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Park and Road Etiquette

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Tembe & Kgala
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Re: selfish people

Unread post by Tembe & Kgala » Sat Aug 21, 2010 9:23 am

what is the rule finally?
park on the sighting side? or park on the left hand side?
people don't seem to agree on this one....

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Re: selfish people

Unread post by Elsa » Sat Aug 21, 2010 9:39 am

The printed regulations state "Park on the same side as the sighting"

I must add that at a sighting where there are a lot of cars building up we now tend to move on, I have seen too many pieces of tail light, reflector glass on the road to take a chance of "meeting" by accident.

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Re: selfish people

Unread post by moggiedog » Sun Aug 22, 2010 6:43 pm

I believe there are two sides to this coin - and we have been on the receiving end of both.
At two lions kills on two consecutive days - the road was totally blocked.
The second kill happened in the morning and we had watched the action.
Late afternoon with so many people trying to get a good view we decided not to stop but carry on towards camp.
There was not a single gap for us to get through.
When a car moved we asked the people to please let us through.
We were given a filthy look - some rather nasty comments and the gap was quickly closed.
We had to drive off road to get past these inconsiderate people.
This was the umpteenth time in one trip that people were so scared we were trying to push in that they refused to budge one inch to let us through a totally blocked road.

On the other side of the coin
We were watching a Bateleur with his breakfast on the side of the road.
Not wanting to disturb him we stopped on the opposite side of the road and killed the engine - the next moment a vehicle came flying down the road - slammed on brakes - reversed - stopped directly in our line of view.
In a loud voice 'Dis net n voel' (my afrikaans not 2 good - "Its just a bird') accelerated off again .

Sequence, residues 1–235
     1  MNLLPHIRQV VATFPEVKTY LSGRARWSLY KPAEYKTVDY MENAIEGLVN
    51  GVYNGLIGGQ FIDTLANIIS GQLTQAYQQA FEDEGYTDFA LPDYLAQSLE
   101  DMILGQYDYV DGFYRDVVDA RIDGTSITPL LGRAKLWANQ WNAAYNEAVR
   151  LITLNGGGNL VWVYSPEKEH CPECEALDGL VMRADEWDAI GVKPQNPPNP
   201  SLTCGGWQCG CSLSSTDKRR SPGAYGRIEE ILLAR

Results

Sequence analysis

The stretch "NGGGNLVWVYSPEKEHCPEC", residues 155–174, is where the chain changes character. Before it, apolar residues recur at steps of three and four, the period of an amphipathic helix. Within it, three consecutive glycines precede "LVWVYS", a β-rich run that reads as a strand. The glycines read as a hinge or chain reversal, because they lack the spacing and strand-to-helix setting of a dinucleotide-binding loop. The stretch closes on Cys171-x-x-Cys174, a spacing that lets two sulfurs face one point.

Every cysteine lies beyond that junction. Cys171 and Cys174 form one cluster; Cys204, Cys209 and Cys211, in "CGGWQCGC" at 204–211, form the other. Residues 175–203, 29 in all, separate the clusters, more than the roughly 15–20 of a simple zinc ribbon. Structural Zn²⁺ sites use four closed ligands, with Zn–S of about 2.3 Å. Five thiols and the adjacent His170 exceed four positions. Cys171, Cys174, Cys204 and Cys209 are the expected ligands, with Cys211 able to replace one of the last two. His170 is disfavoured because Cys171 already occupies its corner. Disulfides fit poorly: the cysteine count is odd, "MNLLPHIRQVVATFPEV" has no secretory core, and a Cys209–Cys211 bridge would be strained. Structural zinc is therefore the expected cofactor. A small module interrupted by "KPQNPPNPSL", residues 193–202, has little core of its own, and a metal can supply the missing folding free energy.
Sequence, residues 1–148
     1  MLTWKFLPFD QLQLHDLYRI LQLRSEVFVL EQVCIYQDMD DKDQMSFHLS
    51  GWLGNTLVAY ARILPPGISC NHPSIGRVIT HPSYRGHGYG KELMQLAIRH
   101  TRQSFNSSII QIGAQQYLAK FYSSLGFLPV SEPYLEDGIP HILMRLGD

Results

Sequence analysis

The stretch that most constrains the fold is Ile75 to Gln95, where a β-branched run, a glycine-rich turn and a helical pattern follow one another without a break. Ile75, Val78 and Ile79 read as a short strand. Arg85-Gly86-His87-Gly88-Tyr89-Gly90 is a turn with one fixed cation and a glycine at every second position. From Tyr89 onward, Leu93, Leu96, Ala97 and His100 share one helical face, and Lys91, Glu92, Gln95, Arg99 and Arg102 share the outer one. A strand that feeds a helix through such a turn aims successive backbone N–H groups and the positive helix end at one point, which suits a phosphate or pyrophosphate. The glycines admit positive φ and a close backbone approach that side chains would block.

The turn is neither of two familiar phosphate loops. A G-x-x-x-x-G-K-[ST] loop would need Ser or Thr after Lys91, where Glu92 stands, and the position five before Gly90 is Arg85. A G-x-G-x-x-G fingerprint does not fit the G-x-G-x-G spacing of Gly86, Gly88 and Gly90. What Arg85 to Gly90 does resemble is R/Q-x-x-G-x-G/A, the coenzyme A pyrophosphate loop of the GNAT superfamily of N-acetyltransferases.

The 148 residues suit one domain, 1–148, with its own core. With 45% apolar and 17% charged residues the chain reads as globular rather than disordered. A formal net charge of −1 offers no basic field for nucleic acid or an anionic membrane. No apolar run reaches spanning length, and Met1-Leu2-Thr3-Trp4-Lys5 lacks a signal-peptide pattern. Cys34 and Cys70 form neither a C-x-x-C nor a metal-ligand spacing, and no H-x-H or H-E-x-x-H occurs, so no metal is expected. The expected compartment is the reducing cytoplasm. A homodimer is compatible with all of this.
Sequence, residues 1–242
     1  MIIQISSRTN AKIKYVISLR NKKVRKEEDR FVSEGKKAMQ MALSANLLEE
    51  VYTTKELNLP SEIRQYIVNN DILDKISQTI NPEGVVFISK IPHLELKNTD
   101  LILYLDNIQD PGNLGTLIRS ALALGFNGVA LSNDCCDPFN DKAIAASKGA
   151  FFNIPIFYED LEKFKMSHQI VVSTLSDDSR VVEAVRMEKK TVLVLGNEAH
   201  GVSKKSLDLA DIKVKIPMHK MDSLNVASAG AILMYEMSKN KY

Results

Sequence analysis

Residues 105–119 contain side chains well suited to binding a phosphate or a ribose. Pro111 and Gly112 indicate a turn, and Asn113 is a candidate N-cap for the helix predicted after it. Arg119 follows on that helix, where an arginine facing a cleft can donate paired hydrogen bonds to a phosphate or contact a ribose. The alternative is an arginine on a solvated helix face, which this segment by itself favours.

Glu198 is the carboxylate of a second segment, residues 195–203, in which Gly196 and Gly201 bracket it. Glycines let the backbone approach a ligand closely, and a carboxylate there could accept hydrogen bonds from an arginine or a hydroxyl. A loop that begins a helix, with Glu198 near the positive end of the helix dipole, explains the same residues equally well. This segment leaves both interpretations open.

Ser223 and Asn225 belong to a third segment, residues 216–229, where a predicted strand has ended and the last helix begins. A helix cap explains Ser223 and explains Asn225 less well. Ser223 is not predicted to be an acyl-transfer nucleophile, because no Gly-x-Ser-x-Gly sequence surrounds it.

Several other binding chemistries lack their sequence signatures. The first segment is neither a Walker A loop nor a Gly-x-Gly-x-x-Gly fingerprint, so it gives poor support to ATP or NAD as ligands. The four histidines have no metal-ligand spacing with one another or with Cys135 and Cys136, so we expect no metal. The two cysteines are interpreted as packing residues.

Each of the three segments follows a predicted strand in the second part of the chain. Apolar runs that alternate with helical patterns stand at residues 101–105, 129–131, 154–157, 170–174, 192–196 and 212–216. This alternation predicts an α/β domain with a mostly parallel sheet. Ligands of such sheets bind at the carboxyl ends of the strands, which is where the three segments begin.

Needless to say the Bateleur had taken to the air leaving his hard earned breakfast behind.

In all honesty it is easy to blame people for ruining a sighting - but we also need to leave space for the people who may not be interested in a lion sighting or whatever sighting has caused the traffic jam.
We also need to respect the people who want to watch "just a bird' and slow down before flying past them.

Instead of getting angry and frustrated we should set an example by being considerate and move on if a serious traffic jam is building up around us and at the same time respect a stopped vehicle - they may just be checking their map but they could well be looking at some bird or small creature we have not seen.
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Re: selfish people

Unread post by Dabchick » Tue Aug 31, 2010 11:42 am

Sky wrote:We also had a couple of irritating problems last weekend . Early Saturday morning found wild dogs in the road. We were third in line The guy in the front car was out the window taking pictures while still driving. The poor dogs just had to keep on running If they stopped he propably would have driven right over them. I got really irritated as did other people coming in the opposite direction. I eventually drove past and stopped in front of the guy and the dogs became calm and stood around doing what dogs do. Maybe the guy was just ignorant.

Had a similar experience.